Common Law Marriage (Ontario)
As I just blogged about (see previous blog post), there is a big misconception that cohabiting couples either have the same rights and obligations as married spouses (which they don’t) or don’t have any rights at all (which they do / can have) when it comes to things like support, ownership and division of property, and estate entitlements.
But this is not true. Cohabiting couples often don’t know what their rights and obligations are with respect to these things. The law does have a default position, but that position can be changed if the parties enter into what’s called a Cohabitation Agreement. A Cohabitation Agreement is a private domestic contract for non-married adults who are cohabiting together. This is typically referred to as them being in a common law marriage. So here are some basic things that the law says about being in a common law relationship in Ontario:
- Ownership and Division of Property. Unlike married spouses, cohabiting spouses do not have a right to half of the net accumulation of the couple’s wealth during the course of their cohabitation. Don’t believe me? Just check out Ontario’s Family Law Act, which has no provision for the division of “net family property” for cohabiting couples (although it does for married couples). This is generally the case with married spouses, but not cohabiting couples. Cohabiting couples own property based on legal principles of ownership – namely, who paid for the thing and who controls / possesses the thing. If the parties want to change this around, they can have a Cohabitation Agreement that says that a particular item or property is owned by both couples (either equally or unequally). If the parties want to be very clear that none of their property is to be owned by the other common law spouse, then they can have a Cohabitation Agreement that clarifies this as well. Now, importantly, a cohabiting spouse may claim they have an interest in the other’s property on the basis of unjust enrichment (which is discussed below). To avoid these types of claims, the parties can waive their rights to unjust enrichment in the Cohabitation Agreement.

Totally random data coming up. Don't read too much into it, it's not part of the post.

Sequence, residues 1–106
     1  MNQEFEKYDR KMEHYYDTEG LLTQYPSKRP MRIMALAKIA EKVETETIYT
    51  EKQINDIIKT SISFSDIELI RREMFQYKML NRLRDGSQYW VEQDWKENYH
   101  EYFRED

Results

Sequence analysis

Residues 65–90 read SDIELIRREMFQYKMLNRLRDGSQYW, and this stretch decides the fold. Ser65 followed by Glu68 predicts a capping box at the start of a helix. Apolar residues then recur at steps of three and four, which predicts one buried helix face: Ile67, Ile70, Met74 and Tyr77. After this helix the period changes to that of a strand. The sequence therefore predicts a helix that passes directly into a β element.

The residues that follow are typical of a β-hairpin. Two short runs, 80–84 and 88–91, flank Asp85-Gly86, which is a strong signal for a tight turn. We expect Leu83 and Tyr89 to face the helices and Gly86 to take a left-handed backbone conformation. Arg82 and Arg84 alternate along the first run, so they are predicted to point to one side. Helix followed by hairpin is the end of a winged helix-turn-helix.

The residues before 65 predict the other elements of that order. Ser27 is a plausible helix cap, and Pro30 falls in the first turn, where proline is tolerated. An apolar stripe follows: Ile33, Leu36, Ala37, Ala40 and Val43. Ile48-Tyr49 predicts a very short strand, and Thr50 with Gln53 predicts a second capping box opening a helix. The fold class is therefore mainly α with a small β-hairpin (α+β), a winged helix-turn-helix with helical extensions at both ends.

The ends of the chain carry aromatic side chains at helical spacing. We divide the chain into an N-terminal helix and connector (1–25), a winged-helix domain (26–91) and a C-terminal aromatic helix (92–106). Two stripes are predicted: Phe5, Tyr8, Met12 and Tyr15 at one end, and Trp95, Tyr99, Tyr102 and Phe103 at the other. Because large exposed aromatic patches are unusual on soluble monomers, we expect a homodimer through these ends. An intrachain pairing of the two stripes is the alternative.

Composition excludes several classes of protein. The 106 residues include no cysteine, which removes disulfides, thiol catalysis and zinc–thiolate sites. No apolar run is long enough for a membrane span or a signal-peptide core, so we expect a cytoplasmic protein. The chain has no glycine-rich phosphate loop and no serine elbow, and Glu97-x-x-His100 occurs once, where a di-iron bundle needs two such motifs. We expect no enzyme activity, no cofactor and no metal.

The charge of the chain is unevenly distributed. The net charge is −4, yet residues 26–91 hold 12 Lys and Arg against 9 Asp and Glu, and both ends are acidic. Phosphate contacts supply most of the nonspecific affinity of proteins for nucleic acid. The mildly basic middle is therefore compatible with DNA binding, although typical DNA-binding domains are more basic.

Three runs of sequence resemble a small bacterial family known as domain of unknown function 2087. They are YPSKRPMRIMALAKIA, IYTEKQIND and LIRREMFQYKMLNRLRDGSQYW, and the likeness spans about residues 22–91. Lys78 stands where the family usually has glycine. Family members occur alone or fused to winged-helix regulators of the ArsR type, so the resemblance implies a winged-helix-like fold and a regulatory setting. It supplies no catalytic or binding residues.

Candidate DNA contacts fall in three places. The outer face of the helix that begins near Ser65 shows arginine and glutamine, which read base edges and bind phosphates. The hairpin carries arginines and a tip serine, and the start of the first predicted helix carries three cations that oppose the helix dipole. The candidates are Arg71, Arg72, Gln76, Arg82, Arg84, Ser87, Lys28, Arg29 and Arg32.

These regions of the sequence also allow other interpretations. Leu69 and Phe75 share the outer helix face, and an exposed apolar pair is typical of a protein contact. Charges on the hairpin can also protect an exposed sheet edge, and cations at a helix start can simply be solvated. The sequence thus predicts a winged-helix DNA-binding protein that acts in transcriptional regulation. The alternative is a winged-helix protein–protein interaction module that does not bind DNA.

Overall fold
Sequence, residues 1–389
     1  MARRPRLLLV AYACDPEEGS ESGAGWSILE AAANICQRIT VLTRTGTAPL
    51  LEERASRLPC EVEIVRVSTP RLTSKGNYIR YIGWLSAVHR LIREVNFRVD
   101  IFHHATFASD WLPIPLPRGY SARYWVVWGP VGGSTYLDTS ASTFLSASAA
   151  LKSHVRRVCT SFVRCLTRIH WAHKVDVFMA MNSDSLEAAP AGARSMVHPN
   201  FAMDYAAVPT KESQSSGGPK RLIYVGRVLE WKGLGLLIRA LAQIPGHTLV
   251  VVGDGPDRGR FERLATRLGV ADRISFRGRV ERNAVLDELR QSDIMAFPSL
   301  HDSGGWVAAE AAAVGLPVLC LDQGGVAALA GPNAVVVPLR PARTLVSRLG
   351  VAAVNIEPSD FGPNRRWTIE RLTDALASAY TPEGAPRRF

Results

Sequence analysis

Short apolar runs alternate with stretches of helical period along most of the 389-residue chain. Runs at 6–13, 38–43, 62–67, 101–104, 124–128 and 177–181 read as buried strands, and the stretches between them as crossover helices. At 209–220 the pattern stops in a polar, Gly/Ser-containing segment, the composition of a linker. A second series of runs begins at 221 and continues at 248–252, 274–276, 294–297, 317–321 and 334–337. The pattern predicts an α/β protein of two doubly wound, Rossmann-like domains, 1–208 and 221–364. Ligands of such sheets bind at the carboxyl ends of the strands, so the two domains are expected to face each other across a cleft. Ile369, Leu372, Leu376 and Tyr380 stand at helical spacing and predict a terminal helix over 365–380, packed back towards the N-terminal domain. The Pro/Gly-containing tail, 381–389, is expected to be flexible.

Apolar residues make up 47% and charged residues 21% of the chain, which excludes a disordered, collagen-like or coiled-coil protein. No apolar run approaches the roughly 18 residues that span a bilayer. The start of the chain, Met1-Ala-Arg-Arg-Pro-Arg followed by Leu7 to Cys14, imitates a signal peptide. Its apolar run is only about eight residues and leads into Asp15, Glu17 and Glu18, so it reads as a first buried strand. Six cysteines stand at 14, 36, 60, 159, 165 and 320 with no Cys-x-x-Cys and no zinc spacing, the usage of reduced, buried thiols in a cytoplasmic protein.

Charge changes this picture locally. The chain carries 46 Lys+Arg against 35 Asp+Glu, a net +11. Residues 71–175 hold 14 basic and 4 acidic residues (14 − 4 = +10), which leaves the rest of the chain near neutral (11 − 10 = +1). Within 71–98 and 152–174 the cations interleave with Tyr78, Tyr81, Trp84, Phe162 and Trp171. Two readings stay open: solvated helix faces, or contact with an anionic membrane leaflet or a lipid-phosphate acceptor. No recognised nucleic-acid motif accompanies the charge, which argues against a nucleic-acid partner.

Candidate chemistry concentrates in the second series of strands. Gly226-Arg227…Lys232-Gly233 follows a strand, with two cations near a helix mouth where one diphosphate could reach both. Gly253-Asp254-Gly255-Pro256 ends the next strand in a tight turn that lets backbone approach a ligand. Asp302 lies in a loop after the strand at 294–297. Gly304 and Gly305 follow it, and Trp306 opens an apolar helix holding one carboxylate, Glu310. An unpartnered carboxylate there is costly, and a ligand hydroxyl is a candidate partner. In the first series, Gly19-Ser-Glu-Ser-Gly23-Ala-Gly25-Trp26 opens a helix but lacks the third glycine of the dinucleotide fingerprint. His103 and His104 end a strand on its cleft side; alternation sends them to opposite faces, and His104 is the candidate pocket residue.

- Support – often referred to as Spousal Support, Maintenance or Alimony (in the U.S.) is an obligation of one person to pay money (to the extent that they can) to the other common law spouse (to the extent of their need). Support obligations arise from the Family Law Act for cohabiting couples (i.e. generally couples who have been in a conjugal relationship for at least 3 years). Again, the parties can waive their rights to Support (so that the other party won’t have to pay in case of a termination of the relationship) in the Cohabitation Agreement.
- Possession of the Home. Did you know that married spouses have an automatic right to possess (i.e. stay in) the matrimonial home? Well, that’s NOT also the case with cohabiting couples who DO NOT own the home that they are living in. Indeed, if they are staying there as a common law spouse and have no ownership interest in the home, then they can be asked to leave (assuming they are not a tenant, which is generally not the case). For cohabiting couples, if only one party owns the home, then that party can include provisions in a Cohabitation Agreement that requires the other party to leave after being provided with notice.
- Unjust Enrichment. What if one party contributed (through their domestic work effort) to the other party acquiring or maintaining or improving the value of an asset? Well, that party – even if they do not have an ownership interest in that property because they never paid for it or received it as a gift or inheritance – may STILL have an ownership interest on the basis of the doctrine of unjust enrichment. Unjust enrichment is basically a judge made law that says that if one person is deprived and another person receives a corresponding benefit and there is no juristic reason this enrichment, then the person who was deprived may ask the court to be provided with an interest in that property. Again, these types of claims can be avoided through a Cohabitation Agreement.